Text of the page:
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Michigan enters "high risk" period for oak wilt

Wilt pattern in oak leaves.
Photo courtesy of Joseph O'Brien
USDA Forest Service
Wilt pattern in oak leaves.

State officials recently announced that Michigan has entered a “high risk” period for the spread of the fungal tree disease known as oak wilt.

Oak wilt primarily spreads through root systems or through beetles carrying infected spores between trees.

Some of the most at-risk trees are black, white and northern red oaks.

Cheryl Nelson is a forest health forester with the Department of Natural Resources in northwest Michigan.

She says oak wilt is an issue that comes up every year. However, if it goes untreated it can spread rapidly in just four to six weeks, which fast for a tree disease.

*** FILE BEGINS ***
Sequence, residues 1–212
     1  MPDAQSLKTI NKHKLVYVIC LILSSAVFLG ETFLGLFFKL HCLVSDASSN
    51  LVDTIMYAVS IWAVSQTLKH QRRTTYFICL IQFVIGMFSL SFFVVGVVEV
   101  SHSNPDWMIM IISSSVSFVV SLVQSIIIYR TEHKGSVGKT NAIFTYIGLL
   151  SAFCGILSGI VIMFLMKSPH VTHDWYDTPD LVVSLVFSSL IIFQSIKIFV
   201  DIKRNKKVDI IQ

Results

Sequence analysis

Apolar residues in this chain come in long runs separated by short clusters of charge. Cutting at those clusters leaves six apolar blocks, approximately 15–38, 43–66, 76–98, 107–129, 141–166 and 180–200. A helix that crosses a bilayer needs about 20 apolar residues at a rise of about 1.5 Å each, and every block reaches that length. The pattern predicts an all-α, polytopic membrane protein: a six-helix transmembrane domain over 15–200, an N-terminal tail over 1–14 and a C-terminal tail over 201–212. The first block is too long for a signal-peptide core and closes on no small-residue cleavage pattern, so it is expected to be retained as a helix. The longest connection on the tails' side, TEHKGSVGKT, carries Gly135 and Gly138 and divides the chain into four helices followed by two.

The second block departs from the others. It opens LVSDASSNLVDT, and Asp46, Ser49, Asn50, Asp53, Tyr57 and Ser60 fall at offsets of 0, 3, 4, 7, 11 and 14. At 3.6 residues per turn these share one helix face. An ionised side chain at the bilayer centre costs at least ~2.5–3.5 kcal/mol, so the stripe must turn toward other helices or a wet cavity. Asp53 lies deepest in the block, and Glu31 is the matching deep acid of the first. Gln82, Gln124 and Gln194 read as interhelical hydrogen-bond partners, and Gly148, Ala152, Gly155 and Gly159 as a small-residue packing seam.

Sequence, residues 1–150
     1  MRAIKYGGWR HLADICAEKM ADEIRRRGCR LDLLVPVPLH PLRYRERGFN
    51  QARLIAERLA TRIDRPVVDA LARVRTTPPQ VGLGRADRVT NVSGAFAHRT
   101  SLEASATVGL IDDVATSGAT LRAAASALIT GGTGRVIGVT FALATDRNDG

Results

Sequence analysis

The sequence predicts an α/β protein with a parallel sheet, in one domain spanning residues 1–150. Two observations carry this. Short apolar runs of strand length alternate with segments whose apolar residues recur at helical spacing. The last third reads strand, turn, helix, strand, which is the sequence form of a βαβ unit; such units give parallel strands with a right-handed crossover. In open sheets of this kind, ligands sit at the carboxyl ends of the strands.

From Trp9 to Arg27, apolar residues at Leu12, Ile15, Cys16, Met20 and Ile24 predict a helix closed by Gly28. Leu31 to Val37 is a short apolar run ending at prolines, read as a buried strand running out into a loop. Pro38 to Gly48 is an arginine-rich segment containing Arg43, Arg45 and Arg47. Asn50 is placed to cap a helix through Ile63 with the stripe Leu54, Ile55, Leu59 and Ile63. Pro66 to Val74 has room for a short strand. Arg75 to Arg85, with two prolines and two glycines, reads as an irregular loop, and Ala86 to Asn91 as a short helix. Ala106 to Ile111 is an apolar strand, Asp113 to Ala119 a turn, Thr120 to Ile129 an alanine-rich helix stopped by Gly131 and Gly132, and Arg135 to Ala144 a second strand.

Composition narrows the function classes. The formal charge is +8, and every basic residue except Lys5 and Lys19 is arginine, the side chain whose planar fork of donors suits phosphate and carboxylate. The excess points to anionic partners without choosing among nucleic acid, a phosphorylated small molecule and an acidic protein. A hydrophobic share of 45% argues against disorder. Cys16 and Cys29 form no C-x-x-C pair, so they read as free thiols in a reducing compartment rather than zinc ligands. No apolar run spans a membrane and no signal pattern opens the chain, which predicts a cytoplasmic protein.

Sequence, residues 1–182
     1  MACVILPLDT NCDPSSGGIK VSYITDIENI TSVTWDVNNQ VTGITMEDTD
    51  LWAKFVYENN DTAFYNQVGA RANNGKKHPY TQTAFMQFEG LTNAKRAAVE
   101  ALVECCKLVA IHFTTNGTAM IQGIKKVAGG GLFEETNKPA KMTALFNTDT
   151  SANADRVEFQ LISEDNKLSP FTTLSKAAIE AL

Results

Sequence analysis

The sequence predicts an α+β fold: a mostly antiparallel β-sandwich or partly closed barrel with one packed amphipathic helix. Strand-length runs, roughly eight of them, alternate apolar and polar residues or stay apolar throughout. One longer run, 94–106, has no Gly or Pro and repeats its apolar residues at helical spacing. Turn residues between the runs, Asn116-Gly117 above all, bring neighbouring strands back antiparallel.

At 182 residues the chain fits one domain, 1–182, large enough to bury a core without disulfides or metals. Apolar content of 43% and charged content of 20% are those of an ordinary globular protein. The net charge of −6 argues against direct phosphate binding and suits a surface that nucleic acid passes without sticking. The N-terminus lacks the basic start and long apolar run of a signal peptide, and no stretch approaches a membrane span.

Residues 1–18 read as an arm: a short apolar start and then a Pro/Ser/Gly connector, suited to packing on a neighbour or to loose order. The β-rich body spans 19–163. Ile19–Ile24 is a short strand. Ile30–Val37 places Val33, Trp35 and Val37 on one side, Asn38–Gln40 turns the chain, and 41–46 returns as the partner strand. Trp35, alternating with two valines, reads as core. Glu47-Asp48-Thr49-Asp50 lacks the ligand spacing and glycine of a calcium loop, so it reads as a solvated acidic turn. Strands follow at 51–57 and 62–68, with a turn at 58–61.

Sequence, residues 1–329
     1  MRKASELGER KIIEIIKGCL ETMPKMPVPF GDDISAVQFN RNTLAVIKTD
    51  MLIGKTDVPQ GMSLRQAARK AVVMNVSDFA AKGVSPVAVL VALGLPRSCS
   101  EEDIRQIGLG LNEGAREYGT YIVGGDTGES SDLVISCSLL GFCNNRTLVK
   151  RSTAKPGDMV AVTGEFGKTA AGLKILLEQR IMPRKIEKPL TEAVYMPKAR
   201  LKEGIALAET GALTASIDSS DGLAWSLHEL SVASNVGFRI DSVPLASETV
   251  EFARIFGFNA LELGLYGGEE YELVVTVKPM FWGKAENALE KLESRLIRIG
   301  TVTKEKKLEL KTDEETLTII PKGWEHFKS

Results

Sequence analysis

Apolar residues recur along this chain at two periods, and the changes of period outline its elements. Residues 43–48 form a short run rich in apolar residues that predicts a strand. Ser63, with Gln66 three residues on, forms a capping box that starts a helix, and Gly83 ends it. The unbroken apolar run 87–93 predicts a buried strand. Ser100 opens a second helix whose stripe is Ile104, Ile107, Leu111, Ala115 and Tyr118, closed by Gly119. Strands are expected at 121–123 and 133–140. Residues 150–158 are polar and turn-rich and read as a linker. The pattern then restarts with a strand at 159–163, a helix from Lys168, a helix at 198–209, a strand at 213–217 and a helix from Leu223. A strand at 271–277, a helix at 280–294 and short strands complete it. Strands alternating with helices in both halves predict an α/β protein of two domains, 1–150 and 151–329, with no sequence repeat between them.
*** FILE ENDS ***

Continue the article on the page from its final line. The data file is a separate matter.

"The fungus gets started in that vascular tissue so in the water conducting vessels of the tree, and it will just continue to form until there's so much of the fungus that it basically plugs up the cells of the tree," said Nelson.

Nelson says oak trees shouldn't be pruned during this high-risk period. The DNR is recommending to not prune oak tress until after July 15. Once a tree becomes infected there is no cure, which is why the DNR is taking a proactive approach.

"If management isn't done, and it is oak wilt, it will form a pocket of dead red oak trees. And it will just continue until it runs out of red oak trees," said Nelson.

Editor's note: In the interest of transparency, we note the Michigan DNR is a financial supporter of this station.

Rick Brewer has been news director at WCMU since February 2024.